Eloise Le Santo, a Hatha and Yin yoga instructor based in London also likes to start her day with a smoothie. “I add in some organic, grass fed plain protein powder too, as I find this helps keep me full until lunchtime,” she said. “At the moment, my favorite green smoothie is pineapple, spinach, mint, lime, and coconut water. It’s such a nutritious and delicious way to start the day and you can keep trying new recipes so I never get bored!”


Yoga instructor and studio owner Crystal Widmann of Y2B Fit in Philadelphia said, “My go-to breakfast is oatmeal with blueberries and an egg. I eat it almost every day!” This meal offers a winning combination of complex carbs, protein, and fat to keep you energized  for hours.

After starting with hot water with lemon and a walk with her dog, Claudia Matles of Yoga, Pilates & Health Counseling by Claudia, sips a freshly-made green juice and follows it with “a yummy bowl of steel cut organic oatmeal with with flax or chia seeds, organic raw almonds and walnuts, fresh berries, and a dab of raw honey.”

Rather than traditional sweet spices, Matles likes to add some savory flavors with “a dash of black pepper, turmeric powder, nutmeg, and a pinch of sea salt, along with coconut oil or sesame oil.” She said, “It’s fantastic and so satiating! Ready to start my day of teaching yoga!”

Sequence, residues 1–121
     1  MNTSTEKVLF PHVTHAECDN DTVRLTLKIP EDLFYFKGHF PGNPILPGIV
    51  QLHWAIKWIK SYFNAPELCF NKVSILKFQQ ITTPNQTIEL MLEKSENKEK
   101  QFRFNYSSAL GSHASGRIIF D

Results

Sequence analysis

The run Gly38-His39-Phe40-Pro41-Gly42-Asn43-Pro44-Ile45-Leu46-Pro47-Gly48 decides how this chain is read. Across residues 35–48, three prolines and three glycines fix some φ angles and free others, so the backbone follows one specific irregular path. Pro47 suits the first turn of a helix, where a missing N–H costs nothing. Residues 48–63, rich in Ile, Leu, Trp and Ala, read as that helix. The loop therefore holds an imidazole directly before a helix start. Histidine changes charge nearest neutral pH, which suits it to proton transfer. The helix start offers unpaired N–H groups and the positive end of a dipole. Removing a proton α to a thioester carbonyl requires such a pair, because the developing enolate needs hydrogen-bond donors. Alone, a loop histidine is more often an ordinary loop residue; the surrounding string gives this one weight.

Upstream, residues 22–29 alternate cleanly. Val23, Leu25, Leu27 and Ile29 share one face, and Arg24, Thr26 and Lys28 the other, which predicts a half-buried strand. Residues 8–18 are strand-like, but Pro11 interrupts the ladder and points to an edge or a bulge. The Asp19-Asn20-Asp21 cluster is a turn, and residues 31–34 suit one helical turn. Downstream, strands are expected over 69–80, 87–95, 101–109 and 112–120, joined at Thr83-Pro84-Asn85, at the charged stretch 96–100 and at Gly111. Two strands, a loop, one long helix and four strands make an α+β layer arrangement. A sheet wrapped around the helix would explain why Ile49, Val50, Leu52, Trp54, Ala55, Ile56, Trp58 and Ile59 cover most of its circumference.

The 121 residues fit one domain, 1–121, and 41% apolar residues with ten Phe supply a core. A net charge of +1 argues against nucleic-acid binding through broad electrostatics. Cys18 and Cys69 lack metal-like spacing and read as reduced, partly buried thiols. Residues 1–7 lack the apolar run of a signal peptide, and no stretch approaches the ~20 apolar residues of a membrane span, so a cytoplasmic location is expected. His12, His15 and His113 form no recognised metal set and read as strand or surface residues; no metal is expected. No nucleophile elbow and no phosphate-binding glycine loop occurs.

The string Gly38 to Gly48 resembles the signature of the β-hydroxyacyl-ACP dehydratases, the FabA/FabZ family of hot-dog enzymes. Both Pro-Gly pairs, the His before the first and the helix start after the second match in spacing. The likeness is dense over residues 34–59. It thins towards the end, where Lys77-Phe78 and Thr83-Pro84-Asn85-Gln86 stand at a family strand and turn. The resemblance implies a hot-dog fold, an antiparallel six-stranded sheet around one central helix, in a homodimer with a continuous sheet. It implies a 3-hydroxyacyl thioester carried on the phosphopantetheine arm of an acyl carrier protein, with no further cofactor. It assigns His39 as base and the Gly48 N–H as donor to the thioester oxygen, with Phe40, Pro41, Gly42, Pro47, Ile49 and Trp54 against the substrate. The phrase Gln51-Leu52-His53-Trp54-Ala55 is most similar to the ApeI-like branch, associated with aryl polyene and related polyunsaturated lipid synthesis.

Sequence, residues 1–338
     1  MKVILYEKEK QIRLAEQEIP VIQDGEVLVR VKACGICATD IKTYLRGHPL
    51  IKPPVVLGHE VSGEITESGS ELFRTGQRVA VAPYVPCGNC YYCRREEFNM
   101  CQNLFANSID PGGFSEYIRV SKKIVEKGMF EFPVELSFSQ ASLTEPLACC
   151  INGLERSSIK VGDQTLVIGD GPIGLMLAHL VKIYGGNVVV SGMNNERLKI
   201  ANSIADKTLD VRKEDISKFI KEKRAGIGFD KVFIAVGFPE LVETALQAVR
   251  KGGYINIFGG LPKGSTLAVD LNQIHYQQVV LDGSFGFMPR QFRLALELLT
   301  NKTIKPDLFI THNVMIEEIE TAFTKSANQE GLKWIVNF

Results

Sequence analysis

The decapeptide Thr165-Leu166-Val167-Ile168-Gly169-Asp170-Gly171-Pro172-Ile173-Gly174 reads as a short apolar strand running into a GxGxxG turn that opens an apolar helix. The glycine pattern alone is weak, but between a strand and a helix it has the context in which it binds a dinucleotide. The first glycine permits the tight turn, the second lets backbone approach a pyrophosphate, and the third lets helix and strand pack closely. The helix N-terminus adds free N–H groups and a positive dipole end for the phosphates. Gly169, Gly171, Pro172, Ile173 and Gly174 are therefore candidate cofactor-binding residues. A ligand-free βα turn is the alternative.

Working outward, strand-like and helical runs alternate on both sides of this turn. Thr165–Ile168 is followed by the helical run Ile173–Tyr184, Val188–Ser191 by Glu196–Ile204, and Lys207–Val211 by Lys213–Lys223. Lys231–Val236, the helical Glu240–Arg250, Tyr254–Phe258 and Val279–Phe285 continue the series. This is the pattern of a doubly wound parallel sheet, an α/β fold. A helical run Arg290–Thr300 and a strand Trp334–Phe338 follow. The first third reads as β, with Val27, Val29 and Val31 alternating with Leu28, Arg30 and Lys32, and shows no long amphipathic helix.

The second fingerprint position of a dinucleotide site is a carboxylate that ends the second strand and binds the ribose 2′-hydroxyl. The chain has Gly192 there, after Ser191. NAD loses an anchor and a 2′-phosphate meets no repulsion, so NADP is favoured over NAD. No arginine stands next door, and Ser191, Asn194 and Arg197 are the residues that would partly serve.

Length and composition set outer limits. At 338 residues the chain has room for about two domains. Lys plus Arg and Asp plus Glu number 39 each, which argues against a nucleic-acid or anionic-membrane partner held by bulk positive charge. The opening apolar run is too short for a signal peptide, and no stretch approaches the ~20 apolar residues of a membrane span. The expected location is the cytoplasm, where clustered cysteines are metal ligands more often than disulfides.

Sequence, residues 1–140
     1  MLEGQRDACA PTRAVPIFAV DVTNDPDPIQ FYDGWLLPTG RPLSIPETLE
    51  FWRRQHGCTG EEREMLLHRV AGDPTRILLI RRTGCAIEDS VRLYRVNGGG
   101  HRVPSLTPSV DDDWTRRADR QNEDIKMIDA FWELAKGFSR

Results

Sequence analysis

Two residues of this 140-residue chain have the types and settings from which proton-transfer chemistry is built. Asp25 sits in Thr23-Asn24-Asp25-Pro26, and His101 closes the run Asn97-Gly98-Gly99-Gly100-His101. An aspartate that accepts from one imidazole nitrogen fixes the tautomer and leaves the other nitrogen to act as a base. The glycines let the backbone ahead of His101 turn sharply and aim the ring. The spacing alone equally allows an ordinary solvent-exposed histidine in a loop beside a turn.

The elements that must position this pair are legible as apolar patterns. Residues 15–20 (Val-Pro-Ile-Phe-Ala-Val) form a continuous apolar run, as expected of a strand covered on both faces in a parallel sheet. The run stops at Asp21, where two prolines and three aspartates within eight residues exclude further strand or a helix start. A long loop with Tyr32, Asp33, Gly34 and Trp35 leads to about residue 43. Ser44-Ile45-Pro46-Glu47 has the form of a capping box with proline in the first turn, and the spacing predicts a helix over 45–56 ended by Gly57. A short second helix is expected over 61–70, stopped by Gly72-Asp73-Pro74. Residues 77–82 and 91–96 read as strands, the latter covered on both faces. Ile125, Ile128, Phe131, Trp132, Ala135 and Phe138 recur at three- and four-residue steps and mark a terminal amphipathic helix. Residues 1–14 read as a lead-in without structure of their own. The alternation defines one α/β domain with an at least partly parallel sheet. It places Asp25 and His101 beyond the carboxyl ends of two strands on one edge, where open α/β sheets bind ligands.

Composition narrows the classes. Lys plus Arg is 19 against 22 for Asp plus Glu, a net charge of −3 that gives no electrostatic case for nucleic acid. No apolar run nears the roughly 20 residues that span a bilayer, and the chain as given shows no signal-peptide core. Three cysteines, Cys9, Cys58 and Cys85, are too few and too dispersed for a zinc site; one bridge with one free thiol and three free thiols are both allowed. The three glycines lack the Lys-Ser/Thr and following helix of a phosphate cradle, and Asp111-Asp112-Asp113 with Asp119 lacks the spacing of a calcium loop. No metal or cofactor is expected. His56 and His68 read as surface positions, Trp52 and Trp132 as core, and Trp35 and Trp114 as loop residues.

Chia Pudding

When she’s not starting her day with raw oats from a local organic cafe, Morgan Perry, founder of Yoga Unwined in New York City, loves chia pudding. “Even though they’re not massive meals, both provide me with energy for many hours without feeling heavy or groggy after eating them,” she said and that’s thanks to the combo of nourishing ingredients and high fiber content. She especially loves the superfood boost from ingredients like matcha (green tea powder), maca, and chia seeds, which have all been noted for their variety of health benefits.

Compounds called catechins in matcha and other green tea, for example, have been studied for their potential to boost brain function, reduce cancer risk, and enhance metabolism. Maca is a root vegetable that is usually used in powdered form. It has been touted for is potential benefit to nutritional health, sexual function, energy, and numerous health conditions. Chia seeds are packed with filling fiber and heart-healthy omega-3 fatty acids.